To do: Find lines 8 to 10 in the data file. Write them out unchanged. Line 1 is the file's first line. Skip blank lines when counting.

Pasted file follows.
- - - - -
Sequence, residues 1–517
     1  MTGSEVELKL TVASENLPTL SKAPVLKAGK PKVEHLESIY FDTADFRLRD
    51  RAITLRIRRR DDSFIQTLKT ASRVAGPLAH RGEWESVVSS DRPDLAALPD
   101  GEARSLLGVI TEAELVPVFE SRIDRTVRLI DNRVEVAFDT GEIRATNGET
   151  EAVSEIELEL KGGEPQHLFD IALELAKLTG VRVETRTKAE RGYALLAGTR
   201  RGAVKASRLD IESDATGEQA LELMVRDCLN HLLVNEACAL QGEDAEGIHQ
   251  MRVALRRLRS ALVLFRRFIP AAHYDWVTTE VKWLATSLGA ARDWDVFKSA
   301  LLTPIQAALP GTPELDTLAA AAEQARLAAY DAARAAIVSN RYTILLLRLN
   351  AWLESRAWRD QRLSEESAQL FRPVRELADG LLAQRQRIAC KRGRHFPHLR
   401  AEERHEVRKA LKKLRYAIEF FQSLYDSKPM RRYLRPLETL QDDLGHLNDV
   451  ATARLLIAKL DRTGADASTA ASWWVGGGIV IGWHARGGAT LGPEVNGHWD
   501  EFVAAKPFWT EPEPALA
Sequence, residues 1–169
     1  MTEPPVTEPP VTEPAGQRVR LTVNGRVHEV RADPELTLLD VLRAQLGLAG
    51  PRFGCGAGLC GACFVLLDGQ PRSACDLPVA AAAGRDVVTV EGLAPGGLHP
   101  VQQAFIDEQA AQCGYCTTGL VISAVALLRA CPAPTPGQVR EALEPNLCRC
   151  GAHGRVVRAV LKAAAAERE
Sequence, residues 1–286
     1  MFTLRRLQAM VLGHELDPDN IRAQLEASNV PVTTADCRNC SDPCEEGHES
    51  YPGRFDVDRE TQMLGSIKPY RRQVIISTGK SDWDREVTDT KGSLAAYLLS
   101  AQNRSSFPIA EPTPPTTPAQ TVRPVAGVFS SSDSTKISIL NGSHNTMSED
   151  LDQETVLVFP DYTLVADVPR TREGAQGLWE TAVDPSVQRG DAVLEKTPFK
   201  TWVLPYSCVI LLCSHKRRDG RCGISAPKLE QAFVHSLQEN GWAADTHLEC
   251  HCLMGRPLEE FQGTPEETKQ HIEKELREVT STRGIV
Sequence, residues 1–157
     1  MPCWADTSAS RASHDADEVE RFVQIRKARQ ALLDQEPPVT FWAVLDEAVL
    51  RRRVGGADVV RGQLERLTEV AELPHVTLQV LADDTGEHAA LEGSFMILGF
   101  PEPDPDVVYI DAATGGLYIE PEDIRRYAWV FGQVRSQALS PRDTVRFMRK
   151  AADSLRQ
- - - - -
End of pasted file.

   301  LLTPIQAALP GTPELDTLAA AAEQARLAAY DAARAAIVSN RYTILLLRLN
   351  AWLESRAWRD QRLSEESAQL FRPVRELADG LLAQRQRIAC KRGRHFPHLR
   401  AEERHEVRKA LKKLRYAIEF FQSLYDSKPM RRYLRPLETL QDDLGHLNDV